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"Manipulating Nature's Molecular Machines"

Dirk Trauner
(Universidade da Califórnia, Berkeley, USA)


The precise regulation of protein activity is fundamental to life. A mechanism of regulation, found across protein classes, from enzymes, to motors, to signaling proteins, is the allosteric control of an active site by a remote regulatory binding site. We describe a general approach for manipulating allosteric control with synthetic optical switches. Our strategy is exemplified with a ligand-gated ion channel of central importance in neuroscience, the ionotropic glutamate receptor (iGluR). Using structure-based design, we have modified its ubiquitous clamshell-type ligand-binding domain to develop a light-activated channel, which we call LiGluR. An agonist is covalently tethered to the protein through an azobenzene moiety, which functions as the optical switch. The agonist is reversibly presented to the binding site upon photoisomerization, initiating clamshell domain closure and concomitant channel gating.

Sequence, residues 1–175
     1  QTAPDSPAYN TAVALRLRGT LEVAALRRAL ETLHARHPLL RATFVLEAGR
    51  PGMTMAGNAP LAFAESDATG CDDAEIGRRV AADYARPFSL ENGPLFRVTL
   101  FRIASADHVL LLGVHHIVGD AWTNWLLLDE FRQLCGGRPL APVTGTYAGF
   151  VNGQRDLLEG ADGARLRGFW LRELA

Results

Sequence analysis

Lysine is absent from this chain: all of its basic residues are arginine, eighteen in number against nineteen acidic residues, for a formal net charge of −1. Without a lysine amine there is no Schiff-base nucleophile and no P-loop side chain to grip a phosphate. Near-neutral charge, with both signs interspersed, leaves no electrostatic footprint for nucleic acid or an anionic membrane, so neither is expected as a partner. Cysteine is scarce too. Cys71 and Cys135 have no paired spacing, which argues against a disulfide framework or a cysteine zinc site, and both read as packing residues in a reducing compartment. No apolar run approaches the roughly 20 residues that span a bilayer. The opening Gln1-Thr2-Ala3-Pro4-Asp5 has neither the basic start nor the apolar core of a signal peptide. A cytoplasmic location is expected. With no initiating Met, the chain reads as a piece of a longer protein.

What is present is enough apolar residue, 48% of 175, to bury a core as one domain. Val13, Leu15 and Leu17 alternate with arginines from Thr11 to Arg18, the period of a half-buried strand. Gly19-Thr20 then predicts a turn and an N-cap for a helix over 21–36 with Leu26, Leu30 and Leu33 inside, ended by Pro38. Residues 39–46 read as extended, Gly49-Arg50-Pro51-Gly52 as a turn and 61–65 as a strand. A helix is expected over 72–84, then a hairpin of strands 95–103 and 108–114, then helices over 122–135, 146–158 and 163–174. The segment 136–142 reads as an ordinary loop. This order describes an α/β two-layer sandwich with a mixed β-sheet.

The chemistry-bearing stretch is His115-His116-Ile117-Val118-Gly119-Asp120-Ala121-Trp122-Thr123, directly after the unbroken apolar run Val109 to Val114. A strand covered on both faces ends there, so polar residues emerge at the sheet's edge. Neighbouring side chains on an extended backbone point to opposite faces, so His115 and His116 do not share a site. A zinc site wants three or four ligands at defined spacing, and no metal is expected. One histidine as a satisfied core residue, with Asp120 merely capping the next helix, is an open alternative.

Light-activated ion channels such as LiGluR provide a precise and non-invasive optical means of controlling action potential firing in neurons, but the genes encoding these channels must first be delivered and expressed in target cells. To overcome this limitation, we have also developed a method for bestowing light-sensitivity onto endogenous ion channels that does not rely on exogenous gene expression.  The method utilizes the Photoswitchable Affinity Label (PAL), a synthetic light-switchable gate that is covalently tethered to native K+ channels. Both LiGluR and PAL have already found important applications in neurobiology.